Matter, the San Francisco-based accelerator and early-stage venture capital firm, held a Demo Day in New York today for its first class after an initial Demo Day last month in SF. Matter formed last year and is backed by the Knight Foundation and KQED, a public media network, with support from the Public Radio Exchange, PRX.
Matter invests in media startups, giving them $50,000 and five months to work on their products. As CEO Corey Ford said, it’s an attempt to figure out what new media will look like. Here’s a look at the six members of the first class, a cohort the accelerator is calling “Matter One”:
ChannelMeter: A video analytics platform that aims to help publishers and brands grow their audiences. The service, which focuses on YouTube videos but will expand to other video platforms, is meant to be a cleaner version of YouTube analytics, which packages reports in ZIP files of Excel sheets. The system also enables users to slice their own data.
Zeega: In its noun form, a Zeega is an embeddable combination of music, text, and GIFs. The audio plays continuously while viewers swipe through the GIFs; it’s essentially a music video creator that requires an artistic touch similar to that used on Vine. Some users are creating politicized stories, while others use it to make birthday cards for their friends. Zeega, which launched at Matter’s SF Demo Day, is also meant to serve publishers. The Atlantic and Mother Jones are already using Zeega, and today the team announced the launch of Zeega Publisher Pages.
SpokenLayer: Debuting at TechCrunch Disrupt NY in May 2012, SpokenLayer provides a listening option for news articles. The team at SpokenLayer created a system in which they can send articles to their voice artists and have the voice artists send back the recordings. They have partnered with The New Republic (post redesign) and with Fast Company, and announced today that they will now be working with The Globe and Mail, TIME, Time Out, Tablet, M, Byliner, and Narratively. SpokenLayer is bootstrapped and has not announced a funding round yet; founder and CEO Will Mayo said that they have reached a revenue-generating point.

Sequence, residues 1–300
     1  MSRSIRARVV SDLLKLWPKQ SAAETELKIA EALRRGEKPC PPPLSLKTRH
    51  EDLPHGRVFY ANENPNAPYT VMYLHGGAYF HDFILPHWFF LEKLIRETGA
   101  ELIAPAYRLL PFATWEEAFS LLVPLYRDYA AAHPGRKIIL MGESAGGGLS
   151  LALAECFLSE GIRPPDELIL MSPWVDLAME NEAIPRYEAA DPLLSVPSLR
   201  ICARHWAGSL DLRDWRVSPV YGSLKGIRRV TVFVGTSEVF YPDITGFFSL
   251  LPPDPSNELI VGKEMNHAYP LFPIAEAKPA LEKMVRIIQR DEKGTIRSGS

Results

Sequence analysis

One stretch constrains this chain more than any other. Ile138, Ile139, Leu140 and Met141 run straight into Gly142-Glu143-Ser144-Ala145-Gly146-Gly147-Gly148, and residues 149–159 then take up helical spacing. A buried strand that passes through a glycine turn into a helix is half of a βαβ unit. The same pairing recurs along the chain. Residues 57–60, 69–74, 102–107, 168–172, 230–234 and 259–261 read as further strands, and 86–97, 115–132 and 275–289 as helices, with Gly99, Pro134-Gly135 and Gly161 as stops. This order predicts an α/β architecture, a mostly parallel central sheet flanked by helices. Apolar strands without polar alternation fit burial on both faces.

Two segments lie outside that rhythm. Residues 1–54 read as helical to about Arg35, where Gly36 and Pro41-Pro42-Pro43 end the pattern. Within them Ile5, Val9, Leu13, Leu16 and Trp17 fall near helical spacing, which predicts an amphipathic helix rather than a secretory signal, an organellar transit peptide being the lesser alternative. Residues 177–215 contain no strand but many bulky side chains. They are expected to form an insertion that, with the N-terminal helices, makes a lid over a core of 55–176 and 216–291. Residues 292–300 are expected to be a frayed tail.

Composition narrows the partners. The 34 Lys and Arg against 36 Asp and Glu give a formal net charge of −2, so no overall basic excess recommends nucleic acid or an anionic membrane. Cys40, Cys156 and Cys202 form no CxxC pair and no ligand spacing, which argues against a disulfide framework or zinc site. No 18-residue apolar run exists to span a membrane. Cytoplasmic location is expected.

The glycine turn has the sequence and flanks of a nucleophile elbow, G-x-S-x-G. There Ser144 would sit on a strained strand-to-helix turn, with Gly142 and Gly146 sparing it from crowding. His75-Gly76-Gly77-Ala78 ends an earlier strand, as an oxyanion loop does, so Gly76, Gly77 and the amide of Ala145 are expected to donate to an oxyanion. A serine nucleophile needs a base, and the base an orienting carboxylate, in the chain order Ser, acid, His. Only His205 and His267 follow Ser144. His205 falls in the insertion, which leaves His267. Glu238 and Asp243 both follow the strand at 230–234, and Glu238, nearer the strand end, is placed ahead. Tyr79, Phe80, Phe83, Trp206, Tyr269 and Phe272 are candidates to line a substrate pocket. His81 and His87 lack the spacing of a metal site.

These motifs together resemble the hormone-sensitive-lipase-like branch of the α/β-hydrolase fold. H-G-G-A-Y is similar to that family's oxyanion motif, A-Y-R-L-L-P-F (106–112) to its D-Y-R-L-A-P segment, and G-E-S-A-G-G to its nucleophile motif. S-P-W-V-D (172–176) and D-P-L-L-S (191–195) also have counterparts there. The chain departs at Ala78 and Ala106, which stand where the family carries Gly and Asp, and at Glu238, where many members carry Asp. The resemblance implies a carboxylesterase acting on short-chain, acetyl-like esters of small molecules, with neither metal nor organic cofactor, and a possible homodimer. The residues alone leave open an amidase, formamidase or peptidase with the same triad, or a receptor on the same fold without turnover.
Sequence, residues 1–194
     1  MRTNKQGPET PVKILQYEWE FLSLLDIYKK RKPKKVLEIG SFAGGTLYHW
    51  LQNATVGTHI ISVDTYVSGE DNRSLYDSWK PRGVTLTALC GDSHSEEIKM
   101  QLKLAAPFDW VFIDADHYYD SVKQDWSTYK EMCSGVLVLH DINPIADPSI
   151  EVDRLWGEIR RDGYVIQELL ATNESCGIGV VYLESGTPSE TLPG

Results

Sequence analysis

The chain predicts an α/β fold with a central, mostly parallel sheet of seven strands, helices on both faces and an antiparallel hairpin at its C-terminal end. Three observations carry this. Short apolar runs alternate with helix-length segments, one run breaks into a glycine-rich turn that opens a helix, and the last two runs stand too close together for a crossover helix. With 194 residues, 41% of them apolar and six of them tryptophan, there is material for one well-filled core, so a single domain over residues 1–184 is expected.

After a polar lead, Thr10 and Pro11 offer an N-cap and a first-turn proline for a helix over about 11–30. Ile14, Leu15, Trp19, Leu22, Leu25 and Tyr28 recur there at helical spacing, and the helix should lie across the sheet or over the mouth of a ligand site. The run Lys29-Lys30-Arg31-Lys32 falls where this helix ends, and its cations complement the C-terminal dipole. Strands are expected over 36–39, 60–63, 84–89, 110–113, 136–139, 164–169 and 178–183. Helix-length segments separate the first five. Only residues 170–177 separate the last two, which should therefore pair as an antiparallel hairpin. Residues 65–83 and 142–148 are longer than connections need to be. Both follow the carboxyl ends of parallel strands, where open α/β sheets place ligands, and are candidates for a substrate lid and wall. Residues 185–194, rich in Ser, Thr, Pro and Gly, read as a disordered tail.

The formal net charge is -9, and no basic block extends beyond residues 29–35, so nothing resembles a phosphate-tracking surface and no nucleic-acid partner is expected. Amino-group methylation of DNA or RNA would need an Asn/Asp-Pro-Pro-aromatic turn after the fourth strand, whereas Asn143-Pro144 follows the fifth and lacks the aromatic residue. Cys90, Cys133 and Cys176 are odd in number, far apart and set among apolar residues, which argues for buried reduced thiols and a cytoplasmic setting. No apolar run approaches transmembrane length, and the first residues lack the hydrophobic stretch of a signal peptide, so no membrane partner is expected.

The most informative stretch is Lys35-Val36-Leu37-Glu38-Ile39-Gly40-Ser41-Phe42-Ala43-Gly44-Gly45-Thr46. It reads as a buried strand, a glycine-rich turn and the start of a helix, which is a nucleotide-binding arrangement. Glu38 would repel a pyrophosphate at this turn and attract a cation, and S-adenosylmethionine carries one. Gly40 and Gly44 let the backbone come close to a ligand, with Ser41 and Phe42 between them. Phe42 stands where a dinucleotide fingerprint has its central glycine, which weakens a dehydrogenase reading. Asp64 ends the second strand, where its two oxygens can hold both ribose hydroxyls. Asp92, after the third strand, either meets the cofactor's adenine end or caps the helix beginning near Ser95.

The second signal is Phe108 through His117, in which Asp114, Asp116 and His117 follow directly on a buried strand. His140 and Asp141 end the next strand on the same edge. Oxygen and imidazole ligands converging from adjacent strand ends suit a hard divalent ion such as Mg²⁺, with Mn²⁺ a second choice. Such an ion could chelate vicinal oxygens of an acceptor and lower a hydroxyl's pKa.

OpenWatch: Launched as a video platform for citizen journalism, OpenWatch is hoping to draw participants worldwide. In an era when so much “news” looks like press releases, OpenWatch is aiming for accountability by putting the news in people’s lives, particularly abroad. The app provides a map that shows who else is covering the event and what aspects of the story still need to be uncovered.
Mixation: Enables publications and individuals to create 24-hour TV stations, which exist on Mixation’s site and can also float on external sites. The idea is that the online video viewing experience is stilted, because it requires clicking and browsing. Mixation is hoping to work directly with publishers and is promising a jump in increased revenue (in the case of TechCrunch, $300,000 per month).
Inkfold: Inkfold is built on the idea that people send a lot of article links via email, and most of those articles never get read. Because people are busy. The iOS app, which goes live today, finds these links in your email and pulls them into an Inkfold inbox, where they show up as a stream of complete articles, rather than URLs. The app also has a chat function in which users can respond to the person who sent them the article and carry on the conversation.